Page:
lthms' avatar, a hand drawing looking person, wearing a headset, close to a window on a raining night

Hi, I’m lthms.

I didn’t like syntax highlighting, but I like types and functional programming languages. He/him.

Interested in starting a discussion? Don’t hesitate to shoot me an email.

How I Keep Using Stacked Git at $WORK

One year ago, I have published an article summarizing my experience using Stacked Git at $WORK. Twelve months later, enough has changed to motivate a spin-off piece.

Stacked Git is Fast

Firstly, it is important to state that my main complain about Stacked Git is now a thing of the past! Stacked Git does not feel slow anymore, and far from it. This is because Stacked Git 2.0 has been rewritten in Rust. While RiiR (Rewrite it in Rust) is a running meme on the Internet, in this particular case, the result is very exciting.

Thanks to the performance boost, my Zsh prompt does not take 0.1s to appear!

Speaking of Zsh prompt, basically what I ended up displaying is (<TOP PATCH NAME> <APPLIED PATCHES COUNT>/<PATCHSET SIZE> <HIDDEN PATCHES COUNT). For instance, (fix-1337 1/2 3).

In case you want to take inspiration in my somewhat working configuration, here is the snippet of interest.

local series_top="$(stg top 2> /dev/null)"
local total="$(stg series 2> /dev/null | wc -l)"
local hidden="$(stg series --hidden 2> /dev/null | wc -l)"

if [[ "${total}" -gt 0 ]]; then
    local not_applied="$(stg series | grep -E '^-' | wc -l)"
    local applied="$(($total - $not_applied))"

    if [[ -z "${series_top}" ]]; then
        series_top="·"
    fi

    echo -n "(${status_color}${series_top} ${applied}/${total} ${hidden})"
    echo -n "  ($(current_branch))"
fi

Branchless Workflow

Last year, I was using Stacked Git on top of git branches. More precisely, I had one branch for each (stack of) Merge Request. It worked well, because my typical MR counted 3 to 4 commits in average.

Fast forward today, and things have changed on this front too. In a nutshell, I have become a “one commit per MR” maximalist of sortIt goes without saying that this approach comes with its set of drawbacks too. During the past year, I’ve pushed fairly large commits which could have been splitted into several smaller ones, for the sake of keeping my “one commit per MR” policy. I have also had to manage large stacks of MRs.. I find this approach very effective to get more focused reviews, and to reduce the time it takes for a given MR to be integrated into the main branch.

My previous approach based on git branches did not scale well with this new mindset, and during the course of the year, I stopped using branches altogetherI did not invent the branchless workflow, of course. After it was first published, someone posted a link to my Stacked Git article on Hacker News, and @arxanas posted a comment about git-branchless. I tried the tool, and even if it never clicked for me, I was really compelled by its core ideas. Similarly, Drew DeVault has published a complete article on its own branchless workflow in 2020..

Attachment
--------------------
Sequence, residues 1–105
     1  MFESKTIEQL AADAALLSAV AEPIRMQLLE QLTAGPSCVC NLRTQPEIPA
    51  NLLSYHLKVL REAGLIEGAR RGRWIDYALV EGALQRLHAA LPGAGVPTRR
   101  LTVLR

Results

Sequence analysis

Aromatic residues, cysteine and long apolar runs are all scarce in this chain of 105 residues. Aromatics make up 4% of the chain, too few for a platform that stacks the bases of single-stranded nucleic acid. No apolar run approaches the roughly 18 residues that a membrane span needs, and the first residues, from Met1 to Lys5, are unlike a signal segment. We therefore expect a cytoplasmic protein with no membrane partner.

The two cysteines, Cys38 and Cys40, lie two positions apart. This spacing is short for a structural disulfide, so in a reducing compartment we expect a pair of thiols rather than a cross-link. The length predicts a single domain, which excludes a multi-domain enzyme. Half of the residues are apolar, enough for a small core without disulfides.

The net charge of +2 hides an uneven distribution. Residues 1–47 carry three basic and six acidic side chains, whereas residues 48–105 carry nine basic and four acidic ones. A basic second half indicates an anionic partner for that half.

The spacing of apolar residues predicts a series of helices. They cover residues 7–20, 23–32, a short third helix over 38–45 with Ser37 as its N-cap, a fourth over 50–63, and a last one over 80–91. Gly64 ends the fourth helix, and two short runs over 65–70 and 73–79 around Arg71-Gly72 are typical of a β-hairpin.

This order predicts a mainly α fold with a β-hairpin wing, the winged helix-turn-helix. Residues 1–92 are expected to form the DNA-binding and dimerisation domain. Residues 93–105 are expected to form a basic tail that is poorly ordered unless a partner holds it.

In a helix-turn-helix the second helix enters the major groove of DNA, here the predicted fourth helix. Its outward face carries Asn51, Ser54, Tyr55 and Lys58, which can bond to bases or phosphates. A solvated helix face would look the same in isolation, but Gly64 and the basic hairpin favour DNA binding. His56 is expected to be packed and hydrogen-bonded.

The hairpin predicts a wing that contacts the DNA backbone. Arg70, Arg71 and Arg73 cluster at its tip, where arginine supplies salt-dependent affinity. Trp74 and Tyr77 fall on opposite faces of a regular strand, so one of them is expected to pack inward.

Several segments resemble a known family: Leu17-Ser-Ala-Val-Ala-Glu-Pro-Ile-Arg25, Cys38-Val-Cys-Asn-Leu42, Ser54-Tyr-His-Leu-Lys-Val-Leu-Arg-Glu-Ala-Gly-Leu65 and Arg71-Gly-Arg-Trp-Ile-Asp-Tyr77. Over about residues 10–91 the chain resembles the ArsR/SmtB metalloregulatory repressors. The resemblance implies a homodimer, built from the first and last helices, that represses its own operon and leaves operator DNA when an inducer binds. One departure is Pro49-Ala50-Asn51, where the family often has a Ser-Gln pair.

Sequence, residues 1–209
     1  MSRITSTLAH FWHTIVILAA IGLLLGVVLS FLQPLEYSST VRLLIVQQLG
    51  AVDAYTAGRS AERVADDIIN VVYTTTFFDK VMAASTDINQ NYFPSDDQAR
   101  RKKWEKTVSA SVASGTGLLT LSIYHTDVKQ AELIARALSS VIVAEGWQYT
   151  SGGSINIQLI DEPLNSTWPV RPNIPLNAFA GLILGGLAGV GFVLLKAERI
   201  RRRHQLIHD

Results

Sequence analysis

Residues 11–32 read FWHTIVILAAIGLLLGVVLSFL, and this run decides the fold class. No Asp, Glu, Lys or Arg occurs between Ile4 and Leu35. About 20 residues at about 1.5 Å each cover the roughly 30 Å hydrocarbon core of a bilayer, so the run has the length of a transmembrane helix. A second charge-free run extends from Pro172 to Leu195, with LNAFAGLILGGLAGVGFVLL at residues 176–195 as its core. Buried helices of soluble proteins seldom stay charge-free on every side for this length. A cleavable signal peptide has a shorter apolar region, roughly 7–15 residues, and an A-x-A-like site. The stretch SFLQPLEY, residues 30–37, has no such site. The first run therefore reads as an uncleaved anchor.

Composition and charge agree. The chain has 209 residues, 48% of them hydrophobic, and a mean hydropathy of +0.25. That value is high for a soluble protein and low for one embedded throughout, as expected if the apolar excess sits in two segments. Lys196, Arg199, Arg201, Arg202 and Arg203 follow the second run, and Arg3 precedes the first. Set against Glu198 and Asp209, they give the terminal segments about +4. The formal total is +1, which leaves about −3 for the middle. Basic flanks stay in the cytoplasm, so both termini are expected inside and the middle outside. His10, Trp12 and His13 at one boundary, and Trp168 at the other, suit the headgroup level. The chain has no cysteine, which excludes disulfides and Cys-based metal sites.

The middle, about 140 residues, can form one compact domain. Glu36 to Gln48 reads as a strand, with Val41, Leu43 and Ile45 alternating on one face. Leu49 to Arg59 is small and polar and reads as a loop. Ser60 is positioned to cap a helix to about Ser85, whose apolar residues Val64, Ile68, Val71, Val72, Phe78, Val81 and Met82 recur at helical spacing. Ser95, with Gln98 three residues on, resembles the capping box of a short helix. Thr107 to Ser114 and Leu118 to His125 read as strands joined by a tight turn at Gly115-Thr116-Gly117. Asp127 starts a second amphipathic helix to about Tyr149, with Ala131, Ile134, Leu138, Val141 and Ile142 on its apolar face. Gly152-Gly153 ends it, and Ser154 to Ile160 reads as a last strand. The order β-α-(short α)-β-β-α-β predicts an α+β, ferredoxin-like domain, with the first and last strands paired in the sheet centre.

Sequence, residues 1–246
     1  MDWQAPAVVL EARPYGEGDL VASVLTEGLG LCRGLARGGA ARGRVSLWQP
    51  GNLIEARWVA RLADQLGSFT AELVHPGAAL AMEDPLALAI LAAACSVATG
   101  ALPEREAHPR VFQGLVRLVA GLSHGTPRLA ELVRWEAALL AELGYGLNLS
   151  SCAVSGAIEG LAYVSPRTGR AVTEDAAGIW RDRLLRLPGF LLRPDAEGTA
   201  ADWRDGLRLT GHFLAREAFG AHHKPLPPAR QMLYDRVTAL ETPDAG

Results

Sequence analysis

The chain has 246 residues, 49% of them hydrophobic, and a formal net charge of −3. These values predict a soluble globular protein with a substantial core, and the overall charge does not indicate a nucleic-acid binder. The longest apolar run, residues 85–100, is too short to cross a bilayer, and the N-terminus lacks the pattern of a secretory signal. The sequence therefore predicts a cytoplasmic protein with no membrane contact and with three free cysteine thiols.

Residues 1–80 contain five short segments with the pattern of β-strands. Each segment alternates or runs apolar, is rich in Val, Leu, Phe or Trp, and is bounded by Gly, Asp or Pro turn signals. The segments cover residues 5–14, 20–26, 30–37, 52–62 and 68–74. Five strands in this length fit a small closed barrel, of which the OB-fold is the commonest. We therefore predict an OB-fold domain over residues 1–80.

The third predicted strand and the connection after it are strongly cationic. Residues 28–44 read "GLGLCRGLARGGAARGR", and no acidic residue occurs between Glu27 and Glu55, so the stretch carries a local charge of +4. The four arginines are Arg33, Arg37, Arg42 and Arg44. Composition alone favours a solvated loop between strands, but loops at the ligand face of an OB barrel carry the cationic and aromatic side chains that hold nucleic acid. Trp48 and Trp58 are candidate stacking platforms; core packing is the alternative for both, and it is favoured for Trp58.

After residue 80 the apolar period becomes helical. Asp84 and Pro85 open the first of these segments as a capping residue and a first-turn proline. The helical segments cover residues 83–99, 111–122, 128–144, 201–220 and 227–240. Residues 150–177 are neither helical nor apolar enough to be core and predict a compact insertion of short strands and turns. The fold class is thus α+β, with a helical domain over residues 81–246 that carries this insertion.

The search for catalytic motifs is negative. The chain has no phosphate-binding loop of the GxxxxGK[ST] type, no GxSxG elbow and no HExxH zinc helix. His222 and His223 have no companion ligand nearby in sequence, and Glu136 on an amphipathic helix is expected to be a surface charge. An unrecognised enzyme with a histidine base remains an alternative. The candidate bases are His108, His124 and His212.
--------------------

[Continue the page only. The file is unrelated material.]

These days, I proceed as follows.

  1. I name each patch after the branch to which I will push it on our upstream Git remote.
  2. 99% of the time, I push my work using git push -f upstream @:$(stg top)
  3. I created a small git plugin I called git-prepare which allows me to select one of the patch of my current patchset using fzf, and which pops all other patches that are currently applied.

git-prepare is really straightforward:

#!/bin/sh
patch=$(stg series -P | fzf)

if [[ ! $? -eq 0 ]] ; then
    exit $?
fi

if [ -n "$(stg series -A)" ]; then
    stg pop -a
fi

stg push ${patch}

The main hurdle which I still need to figure out is how to deal with stacked MRs. Currently, this is very manual. I need to remember which commit belongs to the stack, the order and dependencies of these commits, and I need to publish each commit individually using stg push; git push @:$(stg top).

The pragmatic answer is definitely to come back to git branches for this particular use case, but it's not the fun answer. So from time to time, I try to experiment alternative approaches. My current intuition is that, by adopting a naming convention for my patches, I could probably implement a thin tooling on top of Stacked Git to deal with dependents commits.

Conclusion

Putting aside stacked MRs for now, I am really satisfied with my workflow. It’s very lightweight and intuitive, and working without Stacked Git now feels backward and clunky.

So I will take this opportunity to thank one more time Stacked Git’s authors and contributors. You all are making my professional like easier with your project.